Fedweek Legal

On October 30, 2013, the Merit Systems Protection Board in Belyakov v. Dept. of Health and Human Services, 2013 MSPB 86, ordered a new hearing to reverse major errors in the original proceedings before the MSPB’s administrative judge.

Belyakov was a staff scientist at the National Cancer Institute on a term appointment whose Title 42 appointment was not renewed.Prior to the non-renewal ofBelyakov’s appointment, he had made disclosures of possible violations of hiring rules by his supervisor, allegations of rigging a hiring process to select a particular candidate instead ofBelyakov.Belyakov ultimately filed a whistleblower reprisal complaint with the Office of Special Counsel (OSC).OSC declined to prosecute, andBelyakov then took his whistleblower reprisal complaint to the MSPB on an Independent Right of Action.The MSPB administrative judge assigned dismissedBelyakov’s appeal for lack of jurisdiction.On Petition for Review, the MSPB reversed, finding that the non-renewal ofBelyakov’s term appointment was a personnel action within MSPB jurisdiction, and remanded the case for a merits hearing.At the merits hearing, the administrative judge found in favor of the agency.Belyakov then filed a second Petition for Review.

On appeal, the MSPB ordered a new merits hearing, citing two major errors by the administrative judge.First, the administrative judge had barredBelyakov from presenting his prima facie case of whistleblower reprisal at hearing in a manner now prohibited by the Whistleblower Protection Enhancement Act of 2012 (WPEA). In a whistleblower reprisal case, the whistleblower has the burden of first showing that an intent to retaliate for whistleblowing was a contributing factor in personnel actions taken against the whistleblower (the prima facie case).The burden then shifts to the agency to prove, by the high standard of clear and convincing evidence, that it would have still taken the action against the whistleblower even absent whistleblowing.

WPEA Section 114 abolished the prior practice of skipping an appellant’s prima facie case at hearing, splitting the hearing into two parts; the first hearing only involves examination of whether the agency meets its clear and convincing evidence standard, and if it does not, then and only then does the second hearing on the prima facie case occur. As a result of this splitting of the hearing, the administrative judge had excluded most of the evidence concerningBelyakov’s whistleblowing claims.The MSPB declined to decide whether Section 114 applied retroactively toBelyakov’s case, finding that even under the pre-WPEA caselaw the administrative judge erred in barringBelyakov’s whistleblower reprisal evidence from the hearing.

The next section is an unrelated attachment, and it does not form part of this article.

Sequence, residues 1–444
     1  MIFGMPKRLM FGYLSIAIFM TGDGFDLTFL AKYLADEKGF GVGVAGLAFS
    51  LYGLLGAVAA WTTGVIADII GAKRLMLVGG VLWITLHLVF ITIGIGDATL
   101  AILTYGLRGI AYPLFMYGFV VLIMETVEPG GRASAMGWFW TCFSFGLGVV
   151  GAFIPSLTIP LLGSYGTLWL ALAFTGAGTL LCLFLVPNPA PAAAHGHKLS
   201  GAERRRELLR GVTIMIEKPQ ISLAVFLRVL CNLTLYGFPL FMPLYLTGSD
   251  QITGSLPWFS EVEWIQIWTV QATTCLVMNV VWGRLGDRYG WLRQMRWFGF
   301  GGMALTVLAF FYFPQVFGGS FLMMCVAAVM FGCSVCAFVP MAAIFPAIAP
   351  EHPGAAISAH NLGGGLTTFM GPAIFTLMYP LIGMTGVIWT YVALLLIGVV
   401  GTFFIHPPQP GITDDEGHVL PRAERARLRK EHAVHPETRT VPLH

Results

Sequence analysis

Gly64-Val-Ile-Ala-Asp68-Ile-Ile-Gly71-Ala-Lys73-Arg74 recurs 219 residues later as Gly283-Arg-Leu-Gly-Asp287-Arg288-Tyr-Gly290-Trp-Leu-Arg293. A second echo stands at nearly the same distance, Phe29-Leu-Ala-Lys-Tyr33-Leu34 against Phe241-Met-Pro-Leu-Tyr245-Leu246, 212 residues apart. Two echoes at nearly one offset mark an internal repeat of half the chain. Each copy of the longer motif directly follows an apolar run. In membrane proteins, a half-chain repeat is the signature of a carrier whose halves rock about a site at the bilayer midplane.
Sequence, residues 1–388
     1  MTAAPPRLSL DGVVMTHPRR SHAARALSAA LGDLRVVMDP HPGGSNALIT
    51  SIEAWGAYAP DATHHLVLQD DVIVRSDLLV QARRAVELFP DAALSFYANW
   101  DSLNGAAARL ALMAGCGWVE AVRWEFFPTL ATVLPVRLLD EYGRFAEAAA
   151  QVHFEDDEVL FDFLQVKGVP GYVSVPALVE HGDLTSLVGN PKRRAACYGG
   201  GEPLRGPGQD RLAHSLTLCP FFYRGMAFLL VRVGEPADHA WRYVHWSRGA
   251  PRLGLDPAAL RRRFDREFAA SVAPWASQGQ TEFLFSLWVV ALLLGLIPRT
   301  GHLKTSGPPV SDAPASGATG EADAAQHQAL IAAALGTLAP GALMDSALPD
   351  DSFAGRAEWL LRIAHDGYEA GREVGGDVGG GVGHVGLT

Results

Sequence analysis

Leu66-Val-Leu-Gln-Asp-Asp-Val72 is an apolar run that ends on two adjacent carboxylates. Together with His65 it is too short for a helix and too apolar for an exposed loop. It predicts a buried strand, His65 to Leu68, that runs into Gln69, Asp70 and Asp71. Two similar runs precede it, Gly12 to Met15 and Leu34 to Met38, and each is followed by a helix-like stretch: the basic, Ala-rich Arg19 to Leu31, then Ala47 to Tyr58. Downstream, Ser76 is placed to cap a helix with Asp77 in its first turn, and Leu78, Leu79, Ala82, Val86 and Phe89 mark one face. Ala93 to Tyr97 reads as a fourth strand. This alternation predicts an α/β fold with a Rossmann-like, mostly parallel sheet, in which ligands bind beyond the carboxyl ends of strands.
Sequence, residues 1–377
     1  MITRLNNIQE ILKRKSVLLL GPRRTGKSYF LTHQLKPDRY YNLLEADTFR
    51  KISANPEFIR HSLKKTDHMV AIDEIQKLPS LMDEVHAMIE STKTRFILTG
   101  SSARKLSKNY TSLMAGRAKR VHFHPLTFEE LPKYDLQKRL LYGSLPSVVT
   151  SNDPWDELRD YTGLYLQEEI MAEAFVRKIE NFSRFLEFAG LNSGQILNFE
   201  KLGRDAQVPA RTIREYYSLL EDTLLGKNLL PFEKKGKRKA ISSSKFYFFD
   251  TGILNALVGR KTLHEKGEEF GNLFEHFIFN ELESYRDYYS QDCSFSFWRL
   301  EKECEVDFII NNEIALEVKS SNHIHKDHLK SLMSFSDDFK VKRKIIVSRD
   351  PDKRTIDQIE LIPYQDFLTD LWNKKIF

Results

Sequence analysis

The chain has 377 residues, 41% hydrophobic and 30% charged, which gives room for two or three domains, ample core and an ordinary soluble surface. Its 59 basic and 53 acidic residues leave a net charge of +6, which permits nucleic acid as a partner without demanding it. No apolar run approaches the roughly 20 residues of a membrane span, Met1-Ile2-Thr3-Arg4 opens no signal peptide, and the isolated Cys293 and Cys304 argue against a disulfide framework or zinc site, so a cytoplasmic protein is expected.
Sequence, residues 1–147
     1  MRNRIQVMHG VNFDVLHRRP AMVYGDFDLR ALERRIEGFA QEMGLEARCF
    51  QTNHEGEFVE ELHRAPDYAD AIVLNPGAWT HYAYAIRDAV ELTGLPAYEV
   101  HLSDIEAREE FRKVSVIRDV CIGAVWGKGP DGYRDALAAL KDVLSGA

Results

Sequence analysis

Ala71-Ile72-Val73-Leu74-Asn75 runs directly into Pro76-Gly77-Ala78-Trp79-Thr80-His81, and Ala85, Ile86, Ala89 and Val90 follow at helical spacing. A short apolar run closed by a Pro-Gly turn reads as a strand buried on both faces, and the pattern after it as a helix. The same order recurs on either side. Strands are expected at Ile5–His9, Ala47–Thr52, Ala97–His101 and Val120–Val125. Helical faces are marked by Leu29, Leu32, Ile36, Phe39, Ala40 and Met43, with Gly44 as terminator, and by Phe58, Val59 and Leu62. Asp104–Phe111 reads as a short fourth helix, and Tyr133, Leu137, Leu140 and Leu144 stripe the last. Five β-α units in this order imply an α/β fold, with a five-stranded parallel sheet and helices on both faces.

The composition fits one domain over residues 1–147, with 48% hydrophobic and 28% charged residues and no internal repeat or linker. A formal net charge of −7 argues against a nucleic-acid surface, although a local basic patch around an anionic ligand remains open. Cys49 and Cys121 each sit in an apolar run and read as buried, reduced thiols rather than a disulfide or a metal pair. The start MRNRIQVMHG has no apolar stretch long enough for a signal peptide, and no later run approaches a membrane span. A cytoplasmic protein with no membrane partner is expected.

Second, the MSPB also found that the administrative judge had erred by prohibitingBelyakov himself from testifying at the hearing.Belyakov had no attorney and was representing himself in his MSPB appeal, and so did not know that he had to list himself as a requested witness for his own hearing. The MSPB ordered thatBelyakov be allowed to testify at the remand hearing. This case illustrates the need for experienced counsel for representation in complex whistleblower reprisal appeals before the MSPB.

* This information is provided by the attorneys at Passman& Kaplan, P.C., a law firm dedicated to the representation of federal employees worldwide. For more information on Passman& Kaplan, P.C., go to http://www.passmanandkaplan.com.

The attorneys at Passman& Kaplan, P.C, are the authors of The Federal Employees Legal Survival Guide, Second Edition, a comprehensive overview of federal employees’ legal rights. To order your copy, go to http://www.passmanandkaplan.com/CM/Custom/Federal-Employees-Survival-Guide.asp. This book originally sold for $49.95 plus s&h, but is now available for $29.95 plus s&h.